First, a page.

The Swainson’s hawk, aka locust hawk or grasshopper hawk, can be found from Canada, to the United States, to Mexico, Central America, and down into South America. These birds of prey inhabit savannahs, grasslands, shrublands, and prairies. Pastures, alfalfa fields, and hay fields are also frequented, as these habitats provide little to no protection for their prey. With an abundant and stable population of around 580,000, and no real threats, sans accidental poisoning from agricultural fields being sprayed with insect killing poisons, these birds are listed as Least Concern by the IUCN.
First the Stats…
Scientific name: Buteo swainsoni
Weight: Up to 3 lbs.
Length: Up to 22 inches
Wingspan: Up to 54 inches
Lifespan: Up to 19 years
Now on to the Facts!
1.) These raptors were named after the British naturalist, William Swainson.
2.) Swainson’s hawks migrate south each fall. Their migratory path takes them on an approximate 12,000+ mile round trip.
3.) Even though they are territorial, they will still gather into casts while migrating and when food is abundant.
4.) A group of hawks is called a cast, kettle, aerie, boil, or lease.
5.) They hunt both by perching and scanning the area for food and/or by soaring over their territory and using their keen eyesight to search for prey.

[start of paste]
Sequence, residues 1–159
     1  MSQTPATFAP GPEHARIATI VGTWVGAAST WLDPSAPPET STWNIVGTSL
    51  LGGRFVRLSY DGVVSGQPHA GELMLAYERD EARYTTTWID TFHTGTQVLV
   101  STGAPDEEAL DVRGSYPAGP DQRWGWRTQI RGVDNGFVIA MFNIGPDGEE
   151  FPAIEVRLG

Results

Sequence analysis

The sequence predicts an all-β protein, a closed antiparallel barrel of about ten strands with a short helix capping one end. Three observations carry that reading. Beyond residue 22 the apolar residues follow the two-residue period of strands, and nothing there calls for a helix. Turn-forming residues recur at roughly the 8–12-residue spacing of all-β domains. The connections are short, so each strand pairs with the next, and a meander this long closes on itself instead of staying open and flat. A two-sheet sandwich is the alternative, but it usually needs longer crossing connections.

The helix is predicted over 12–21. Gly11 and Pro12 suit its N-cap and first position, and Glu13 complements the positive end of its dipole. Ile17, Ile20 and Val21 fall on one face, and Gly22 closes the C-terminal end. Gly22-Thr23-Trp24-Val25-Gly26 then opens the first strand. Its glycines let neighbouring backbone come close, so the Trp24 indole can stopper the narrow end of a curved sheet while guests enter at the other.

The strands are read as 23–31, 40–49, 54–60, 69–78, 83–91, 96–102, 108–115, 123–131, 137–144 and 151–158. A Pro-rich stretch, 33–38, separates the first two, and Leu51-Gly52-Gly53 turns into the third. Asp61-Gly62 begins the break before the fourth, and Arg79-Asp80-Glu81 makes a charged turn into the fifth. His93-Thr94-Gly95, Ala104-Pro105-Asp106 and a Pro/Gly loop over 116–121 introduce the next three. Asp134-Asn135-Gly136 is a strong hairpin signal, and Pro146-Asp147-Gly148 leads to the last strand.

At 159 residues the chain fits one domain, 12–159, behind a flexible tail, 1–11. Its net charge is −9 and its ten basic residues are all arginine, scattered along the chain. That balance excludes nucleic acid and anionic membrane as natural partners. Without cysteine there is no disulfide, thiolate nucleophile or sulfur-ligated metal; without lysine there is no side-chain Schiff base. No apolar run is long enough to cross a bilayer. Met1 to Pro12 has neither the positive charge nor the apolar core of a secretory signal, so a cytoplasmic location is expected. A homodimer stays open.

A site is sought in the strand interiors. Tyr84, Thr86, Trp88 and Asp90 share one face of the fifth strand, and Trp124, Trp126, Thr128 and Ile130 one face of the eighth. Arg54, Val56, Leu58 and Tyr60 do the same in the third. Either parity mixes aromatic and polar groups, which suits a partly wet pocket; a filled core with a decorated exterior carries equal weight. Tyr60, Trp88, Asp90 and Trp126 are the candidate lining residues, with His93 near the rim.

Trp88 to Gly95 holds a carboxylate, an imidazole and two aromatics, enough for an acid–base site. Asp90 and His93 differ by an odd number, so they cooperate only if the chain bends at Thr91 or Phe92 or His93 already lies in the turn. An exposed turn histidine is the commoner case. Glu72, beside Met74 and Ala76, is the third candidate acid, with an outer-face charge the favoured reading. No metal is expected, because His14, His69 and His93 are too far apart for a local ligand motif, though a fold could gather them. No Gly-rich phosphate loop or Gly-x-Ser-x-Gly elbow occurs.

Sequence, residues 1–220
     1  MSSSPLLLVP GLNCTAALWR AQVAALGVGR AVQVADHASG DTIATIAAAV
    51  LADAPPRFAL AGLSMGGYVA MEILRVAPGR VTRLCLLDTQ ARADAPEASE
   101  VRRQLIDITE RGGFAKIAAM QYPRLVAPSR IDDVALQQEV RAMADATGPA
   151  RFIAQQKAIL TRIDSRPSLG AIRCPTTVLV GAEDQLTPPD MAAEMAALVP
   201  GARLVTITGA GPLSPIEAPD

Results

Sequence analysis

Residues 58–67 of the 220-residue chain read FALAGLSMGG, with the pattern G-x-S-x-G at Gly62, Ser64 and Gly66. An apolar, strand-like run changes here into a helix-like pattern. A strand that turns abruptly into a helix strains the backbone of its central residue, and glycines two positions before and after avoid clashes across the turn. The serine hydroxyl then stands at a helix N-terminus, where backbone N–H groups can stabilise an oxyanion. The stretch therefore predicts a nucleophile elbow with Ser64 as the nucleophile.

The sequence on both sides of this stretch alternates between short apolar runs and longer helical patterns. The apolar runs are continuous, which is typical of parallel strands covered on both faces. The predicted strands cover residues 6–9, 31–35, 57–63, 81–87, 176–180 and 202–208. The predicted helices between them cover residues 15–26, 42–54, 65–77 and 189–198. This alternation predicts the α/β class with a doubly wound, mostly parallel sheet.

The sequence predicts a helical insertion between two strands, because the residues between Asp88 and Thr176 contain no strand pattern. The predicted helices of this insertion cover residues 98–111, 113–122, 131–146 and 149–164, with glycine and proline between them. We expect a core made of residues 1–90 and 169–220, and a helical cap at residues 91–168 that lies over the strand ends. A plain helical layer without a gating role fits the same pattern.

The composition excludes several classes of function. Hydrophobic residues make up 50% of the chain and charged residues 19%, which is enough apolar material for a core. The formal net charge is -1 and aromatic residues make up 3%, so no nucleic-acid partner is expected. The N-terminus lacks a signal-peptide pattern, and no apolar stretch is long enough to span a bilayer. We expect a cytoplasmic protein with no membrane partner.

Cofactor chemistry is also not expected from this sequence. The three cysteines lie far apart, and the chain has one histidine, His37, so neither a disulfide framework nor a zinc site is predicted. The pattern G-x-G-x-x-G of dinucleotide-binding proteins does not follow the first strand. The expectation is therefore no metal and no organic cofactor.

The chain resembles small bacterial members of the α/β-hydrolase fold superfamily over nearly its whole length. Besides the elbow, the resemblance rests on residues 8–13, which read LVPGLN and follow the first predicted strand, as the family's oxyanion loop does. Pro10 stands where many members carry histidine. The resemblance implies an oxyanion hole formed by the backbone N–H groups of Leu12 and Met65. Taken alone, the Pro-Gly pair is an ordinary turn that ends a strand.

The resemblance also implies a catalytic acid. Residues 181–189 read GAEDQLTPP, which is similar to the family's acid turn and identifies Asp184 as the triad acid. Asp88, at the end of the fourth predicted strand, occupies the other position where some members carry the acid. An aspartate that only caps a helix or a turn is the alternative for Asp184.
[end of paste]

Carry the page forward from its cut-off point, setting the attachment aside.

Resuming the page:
But wait, there’s more on the Swainson’s hawk!
6.) It is not uncommon to see a boil of Swainson’s hawks following agricultural equipment plowing fields. This is because the machines stir up mice, rats, gophers, moles, voles, and insects like grasshoppers that are easy to pick off. They will also hunt reptiles, amphibians, rabbits, and birds, such as sage grouses, mallards, and younger lark buntings.
7.) Swainson’s hawks have been documented patrolling the outskirts of fire lines, waiting to pick off fleeing prey.
Did you know…?
With flight speeds of up to 40+ mph, these birds can travel up to 117+ miles per day.
8.) These birds are monogamous (mate for life) and tend to form lasting pair bonds.
9.) Males build their nest up to 15 feet off the ground in riparian groves, trees, taller bushes, shelterbelts, or around abandoned homes.
10.) The nest takes up to 2 weeks to construct and is built from twigs and leaves.
But wait, there’s still more on the Swainson’s hawk!
11.) Like many other bird species, Swainson’s hawks become very aggressive during the breeding period and will gladly chase away anyone or anything that seems like a threat.
12.) Females lay up to 4 eggs that hatch in up to 35 days.
Did you know…?
These birds have among the longest migratory route of any raptor, sans the peregrine falcon.
13.) Just like so many other birds, the chicks are hatched altricial (blind and helpless).
14.) Flight feathers begin to appear in up to 11 days and the young, aka eyas, begin to leave the nest in up to 37 days; with fledging occurring in up to 46 days.
15.) In up to 5 weeks, the eyas are ready to leave their parent’s watchful eye and start life on their own.
Now a Short Swainson’s Hawk Video!
Be sure to share & comment below! Also, check out the Critter Science YouTube channel. Videos added regularly!
Want to suggest a critter for me to write about? Let me know here.